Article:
28 March 2010 | delibebek
It might be argued that any of the movies starring Anna May Wong has an intrinsic element of Asian sympathy, but at various points in this story I felt they were overdoing it. Even though the story is set in Singapore, for purposes of feasibility I suppose, Wong's character's name is China Lily. Conveniently enough, one of her old friends from China happens to wander through her part of town also. Singapore was just a little fishing village apparently. What underscores the initial emphasis on the "exotic" setting and characters is an early comment by the so-called "King of the River" as he orders in the restaurant - "American style hamburger. Forget the onions." It's all too heavy-handed.
Otherwise the story isn't too bad. She is looking for her father, who happens to be a General, known to most of the other characters and when they discover her relation, their attitudes and motivations change. Through her charm she makes a connection with the King of the River and this leads to a positive resolution, if an expected one for this era.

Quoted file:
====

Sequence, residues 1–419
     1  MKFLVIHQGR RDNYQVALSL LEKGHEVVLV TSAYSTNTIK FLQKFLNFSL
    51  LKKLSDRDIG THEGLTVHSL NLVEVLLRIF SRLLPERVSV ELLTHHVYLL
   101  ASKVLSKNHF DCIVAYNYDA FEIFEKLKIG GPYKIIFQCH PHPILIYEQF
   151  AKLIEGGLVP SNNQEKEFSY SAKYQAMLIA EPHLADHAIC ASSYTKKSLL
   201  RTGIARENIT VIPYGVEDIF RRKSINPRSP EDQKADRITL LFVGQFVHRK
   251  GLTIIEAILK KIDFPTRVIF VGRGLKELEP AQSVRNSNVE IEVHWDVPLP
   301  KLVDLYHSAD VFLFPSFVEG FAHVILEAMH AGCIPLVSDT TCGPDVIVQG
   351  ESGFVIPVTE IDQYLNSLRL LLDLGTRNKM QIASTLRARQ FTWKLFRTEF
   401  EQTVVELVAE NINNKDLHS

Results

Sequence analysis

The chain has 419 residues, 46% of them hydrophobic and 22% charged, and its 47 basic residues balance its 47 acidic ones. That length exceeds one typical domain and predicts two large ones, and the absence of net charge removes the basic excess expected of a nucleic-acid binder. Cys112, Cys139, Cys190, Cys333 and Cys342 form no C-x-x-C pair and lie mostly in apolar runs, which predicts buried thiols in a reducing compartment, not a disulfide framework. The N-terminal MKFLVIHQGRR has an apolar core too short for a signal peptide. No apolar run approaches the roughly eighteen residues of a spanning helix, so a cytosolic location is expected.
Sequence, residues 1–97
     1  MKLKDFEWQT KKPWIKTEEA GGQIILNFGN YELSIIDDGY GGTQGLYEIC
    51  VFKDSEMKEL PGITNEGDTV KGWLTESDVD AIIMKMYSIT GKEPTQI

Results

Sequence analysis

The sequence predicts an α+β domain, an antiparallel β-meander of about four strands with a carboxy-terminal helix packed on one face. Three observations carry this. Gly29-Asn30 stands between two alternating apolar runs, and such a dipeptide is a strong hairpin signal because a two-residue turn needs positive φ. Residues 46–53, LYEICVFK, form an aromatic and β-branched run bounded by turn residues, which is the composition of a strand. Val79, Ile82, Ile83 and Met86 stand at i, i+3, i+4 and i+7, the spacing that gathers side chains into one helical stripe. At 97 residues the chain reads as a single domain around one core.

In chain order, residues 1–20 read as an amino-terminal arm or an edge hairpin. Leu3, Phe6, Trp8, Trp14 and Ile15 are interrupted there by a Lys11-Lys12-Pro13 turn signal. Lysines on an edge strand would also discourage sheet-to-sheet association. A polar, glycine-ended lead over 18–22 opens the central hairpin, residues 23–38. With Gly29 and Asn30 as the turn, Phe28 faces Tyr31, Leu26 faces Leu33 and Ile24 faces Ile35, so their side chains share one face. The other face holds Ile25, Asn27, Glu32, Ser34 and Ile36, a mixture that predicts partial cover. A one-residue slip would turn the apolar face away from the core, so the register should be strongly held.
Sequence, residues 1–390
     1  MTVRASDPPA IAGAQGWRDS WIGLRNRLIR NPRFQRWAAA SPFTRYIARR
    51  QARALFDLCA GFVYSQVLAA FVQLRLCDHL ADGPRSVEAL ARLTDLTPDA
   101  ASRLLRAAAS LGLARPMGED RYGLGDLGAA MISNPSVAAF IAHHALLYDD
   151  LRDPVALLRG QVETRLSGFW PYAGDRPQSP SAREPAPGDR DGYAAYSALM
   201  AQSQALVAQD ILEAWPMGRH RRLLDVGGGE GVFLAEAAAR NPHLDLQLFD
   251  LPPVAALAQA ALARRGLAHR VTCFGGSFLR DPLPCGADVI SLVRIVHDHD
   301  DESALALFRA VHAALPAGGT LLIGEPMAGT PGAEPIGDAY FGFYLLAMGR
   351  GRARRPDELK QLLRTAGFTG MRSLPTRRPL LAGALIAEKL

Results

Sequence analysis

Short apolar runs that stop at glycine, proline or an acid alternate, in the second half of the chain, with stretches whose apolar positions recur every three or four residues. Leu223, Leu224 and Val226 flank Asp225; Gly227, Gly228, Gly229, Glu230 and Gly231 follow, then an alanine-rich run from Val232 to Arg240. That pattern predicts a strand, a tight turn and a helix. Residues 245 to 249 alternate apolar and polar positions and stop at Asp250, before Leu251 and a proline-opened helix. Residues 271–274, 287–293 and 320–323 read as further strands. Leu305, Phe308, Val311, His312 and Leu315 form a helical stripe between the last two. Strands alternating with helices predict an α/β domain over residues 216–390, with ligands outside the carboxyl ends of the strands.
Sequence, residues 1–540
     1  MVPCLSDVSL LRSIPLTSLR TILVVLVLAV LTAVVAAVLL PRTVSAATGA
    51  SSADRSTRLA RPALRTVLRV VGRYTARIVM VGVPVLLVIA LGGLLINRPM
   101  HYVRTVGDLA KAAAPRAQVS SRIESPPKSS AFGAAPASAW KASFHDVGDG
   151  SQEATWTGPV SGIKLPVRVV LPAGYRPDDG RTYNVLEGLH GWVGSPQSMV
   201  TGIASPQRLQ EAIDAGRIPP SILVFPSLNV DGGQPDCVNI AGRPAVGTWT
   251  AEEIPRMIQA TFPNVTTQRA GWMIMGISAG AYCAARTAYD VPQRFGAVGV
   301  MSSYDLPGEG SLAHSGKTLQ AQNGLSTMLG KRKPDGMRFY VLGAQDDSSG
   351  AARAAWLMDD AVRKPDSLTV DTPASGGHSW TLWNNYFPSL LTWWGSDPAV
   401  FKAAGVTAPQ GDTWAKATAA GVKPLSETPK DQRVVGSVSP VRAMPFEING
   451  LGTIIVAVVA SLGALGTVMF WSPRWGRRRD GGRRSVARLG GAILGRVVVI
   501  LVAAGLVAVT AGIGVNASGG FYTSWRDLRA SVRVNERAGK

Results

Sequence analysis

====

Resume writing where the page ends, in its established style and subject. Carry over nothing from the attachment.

Some of the weakness of the film, as for most of the era, is its reliance on sets and stock footage. Also, the dance with the drums, which is stereotypically "native" in its primitive appearance, does nothing to enhance the idea that the cultures of Southeast Asia are civilized in any way.
This movie is worth watching if you're a hound for the 1930s style of movie-making, or if you like to see the changes in how various cultures are depicted in American cinema. Otherwise, not much to recommend.